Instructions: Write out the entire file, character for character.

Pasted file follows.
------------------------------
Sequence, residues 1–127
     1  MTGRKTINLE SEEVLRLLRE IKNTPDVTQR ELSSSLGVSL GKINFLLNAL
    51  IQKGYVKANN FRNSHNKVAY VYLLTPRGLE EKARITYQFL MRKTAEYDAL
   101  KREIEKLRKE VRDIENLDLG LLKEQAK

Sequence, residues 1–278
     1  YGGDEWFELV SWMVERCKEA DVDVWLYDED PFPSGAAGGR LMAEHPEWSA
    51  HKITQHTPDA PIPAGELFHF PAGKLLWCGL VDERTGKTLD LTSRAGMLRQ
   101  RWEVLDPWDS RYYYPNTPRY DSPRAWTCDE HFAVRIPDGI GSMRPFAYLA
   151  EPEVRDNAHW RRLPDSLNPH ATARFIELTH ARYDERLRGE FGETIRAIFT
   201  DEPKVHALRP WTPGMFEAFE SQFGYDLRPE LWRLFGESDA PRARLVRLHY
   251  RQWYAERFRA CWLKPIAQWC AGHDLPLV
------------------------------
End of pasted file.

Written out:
Sequence, residues 1–127
     1  MTGRKTINLE SEEVLRLLRE IKNTPDVTQR ELSSSLGVSL GKINFLLNAL
    51  IQKGYVKANN FRNSHNKVAY VYLLTPRGLE EKARITYQFL MRKTAEYDAL
   101  KREIEKLRKE VRDIENLDLG LLKEQAK

Sequence, residues 1–278
     1  YGGDEWFELV SWMVERCKEA DVDVWLYDED PFPSGAAGGR LMAEHPEWSA
    51  HKITQHTPDA PIPAGELFHF PAGKLLWCGL VDERTGKTLD LTSRAGMLRQ
   101  RWEVLDPWDS RYYYPNTPRY DSPRAWTCDE HFAVRIPDGI GSMRPFAYLA
   151  EPEVRDNAHW RRLPDSLNPH ATARFIELTH ARYDERLRGE FGETIRAIFT
   201  DEPKVHALRP WTPGMFEAFE SQFGYDLRPE LWRLFGESDA PRARLVRLHY
   251  RQWYAERFRA CWLKPIAQWC AGHDLPLV